NASA Is Developing Anti-Asteroid Technology And ‘Armageddon’ Doesn’t Seem So Far-Fetched Now

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In 1998, the world faced a grave threat in the form of a giant asteroid that was hurtling its way towards the Earth and threatened to destroy the world as we know it. Thankfully, NASA was able to recruit a ragtag team that would eventually be dispatched to outer space and ultimately save the planet from mass destruction.

Of course, I’m not referring to any actual mission but the plot of Armageddon, the ultimate guilty pleasure and one of those movies that always seems to be playing on cable at any given time.

Luckily for us, the agency has never had to turn a bunch of oil drillers into astronauts over the course of a couple of weeks in an attempt to prevent humanity from suffering the same fate the dinosaurs did back in the day. However, that doesn’t mean they’re not preparing for the worst case scenario.

In the past year alone, a number of asteroids have rocketed past the planet—including one dubbed “The Death Comet” in addition to another that may or may not have been an alien spacecraft.

We’re now a few years away from facing one of the most imminent interstellar threats to date, and as of right now, NASA admits it doesn’t have much of a contingency plan. However, that doesn’t mean they’re not trying.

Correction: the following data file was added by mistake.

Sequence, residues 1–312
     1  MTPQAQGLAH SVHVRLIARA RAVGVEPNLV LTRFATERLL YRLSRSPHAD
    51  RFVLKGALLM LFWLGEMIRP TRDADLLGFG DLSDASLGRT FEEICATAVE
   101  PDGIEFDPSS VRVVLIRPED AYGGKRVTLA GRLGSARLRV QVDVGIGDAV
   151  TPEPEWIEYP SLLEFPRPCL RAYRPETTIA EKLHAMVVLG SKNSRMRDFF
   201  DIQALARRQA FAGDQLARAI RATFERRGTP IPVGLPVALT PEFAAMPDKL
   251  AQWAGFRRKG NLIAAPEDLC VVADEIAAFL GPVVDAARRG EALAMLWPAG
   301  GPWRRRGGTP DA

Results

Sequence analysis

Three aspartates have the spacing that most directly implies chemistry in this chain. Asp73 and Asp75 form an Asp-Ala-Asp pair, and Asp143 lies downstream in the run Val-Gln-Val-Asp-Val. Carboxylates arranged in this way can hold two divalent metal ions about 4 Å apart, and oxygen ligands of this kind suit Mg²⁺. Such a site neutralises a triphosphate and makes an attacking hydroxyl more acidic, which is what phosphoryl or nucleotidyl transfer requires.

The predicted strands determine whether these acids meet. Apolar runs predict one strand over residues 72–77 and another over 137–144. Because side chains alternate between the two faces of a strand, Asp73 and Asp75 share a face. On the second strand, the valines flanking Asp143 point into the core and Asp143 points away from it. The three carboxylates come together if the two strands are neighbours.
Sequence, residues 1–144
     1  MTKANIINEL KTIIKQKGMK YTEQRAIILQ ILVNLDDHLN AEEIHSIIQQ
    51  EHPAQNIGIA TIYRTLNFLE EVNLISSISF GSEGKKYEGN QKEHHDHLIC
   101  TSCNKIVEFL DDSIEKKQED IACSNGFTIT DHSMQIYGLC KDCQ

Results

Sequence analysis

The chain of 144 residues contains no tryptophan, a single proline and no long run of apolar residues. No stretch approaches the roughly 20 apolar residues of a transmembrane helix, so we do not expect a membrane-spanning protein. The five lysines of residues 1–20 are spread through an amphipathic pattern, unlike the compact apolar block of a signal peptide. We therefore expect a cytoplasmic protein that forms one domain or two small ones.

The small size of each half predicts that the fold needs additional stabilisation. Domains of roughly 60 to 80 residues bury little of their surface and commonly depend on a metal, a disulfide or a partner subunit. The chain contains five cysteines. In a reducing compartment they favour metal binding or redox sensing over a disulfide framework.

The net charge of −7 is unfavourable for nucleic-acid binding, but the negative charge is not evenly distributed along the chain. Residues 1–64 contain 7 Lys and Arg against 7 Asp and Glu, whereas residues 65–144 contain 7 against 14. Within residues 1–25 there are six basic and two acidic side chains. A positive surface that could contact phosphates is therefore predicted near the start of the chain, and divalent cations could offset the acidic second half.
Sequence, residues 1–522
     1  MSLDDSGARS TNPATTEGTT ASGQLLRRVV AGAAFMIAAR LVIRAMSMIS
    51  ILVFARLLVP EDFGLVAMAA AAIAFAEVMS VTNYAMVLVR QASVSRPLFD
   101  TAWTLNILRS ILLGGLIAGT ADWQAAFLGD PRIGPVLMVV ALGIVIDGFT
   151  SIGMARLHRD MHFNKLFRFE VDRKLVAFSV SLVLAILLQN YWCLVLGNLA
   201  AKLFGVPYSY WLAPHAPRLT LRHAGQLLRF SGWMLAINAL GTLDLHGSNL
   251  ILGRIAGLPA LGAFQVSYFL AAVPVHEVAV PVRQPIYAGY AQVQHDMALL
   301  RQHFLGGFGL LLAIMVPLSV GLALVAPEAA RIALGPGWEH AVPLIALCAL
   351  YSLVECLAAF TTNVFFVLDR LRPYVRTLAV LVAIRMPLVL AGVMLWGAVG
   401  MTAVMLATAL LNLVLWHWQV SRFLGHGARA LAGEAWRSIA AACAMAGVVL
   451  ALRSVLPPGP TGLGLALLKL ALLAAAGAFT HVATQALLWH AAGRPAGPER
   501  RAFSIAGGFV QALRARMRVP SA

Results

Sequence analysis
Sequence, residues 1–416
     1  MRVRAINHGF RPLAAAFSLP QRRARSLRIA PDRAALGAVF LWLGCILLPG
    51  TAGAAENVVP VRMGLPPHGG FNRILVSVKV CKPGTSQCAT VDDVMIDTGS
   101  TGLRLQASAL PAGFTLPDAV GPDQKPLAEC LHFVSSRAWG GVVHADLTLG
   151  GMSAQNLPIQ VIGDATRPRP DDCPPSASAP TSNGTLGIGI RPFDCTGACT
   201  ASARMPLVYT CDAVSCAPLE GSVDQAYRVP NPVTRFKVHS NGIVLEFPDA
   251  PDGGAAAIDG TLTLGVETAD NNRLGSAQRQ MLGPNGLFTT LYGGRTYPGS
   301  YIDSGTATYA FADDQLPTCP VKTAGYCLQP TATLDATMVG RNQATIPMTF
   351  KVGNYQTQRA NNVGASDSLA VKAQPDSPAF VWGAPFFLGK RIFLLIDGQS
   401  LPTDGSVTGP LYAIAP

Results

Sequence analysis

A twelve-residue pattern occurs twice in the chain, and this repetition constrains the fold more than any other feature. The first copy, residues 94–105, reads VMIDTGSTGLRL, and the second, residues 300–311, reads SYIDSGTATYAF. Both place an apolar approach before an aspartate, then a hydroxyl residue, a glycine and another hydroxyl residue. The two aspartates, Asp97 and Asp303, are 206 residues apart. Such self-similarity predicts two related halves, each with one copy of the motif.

According to Thrillist, NASA is teaming up with the European Space Agency for what they’re calling the “Double Asteroid Redirect Test” in an attempt to see if they can knock a couple of space rocks—called “Didymos” and “Didymoon”— (which I’m pretty sure are also Pokemon)—out of orbit.

The two asteroids that will be targeted will be seven million miles away from Earth at their closest point but make ideal test subjects due to their relatively small size (the latter is around the size of the Great Pyramid of Giza).

Here’s how things are going to go down:

NASA plans to launch its probe between 2020 and 2021, and expects it to smack into Didymoon in October 2022. After that, an ESA craft known as Hera will launch toward Didymos and Didymoon and investigate the crater created by DART a few years later to determine its “momentum transfer” and precisely how effective the deflection method worked.

While it’s still in development, the agency posted a video outlining the strategy.

They missed a serious opportunity to dub “I Don’t Want To Miss A Thing” over that clip but I assume licensing rights aren’t part of their yearly budget.

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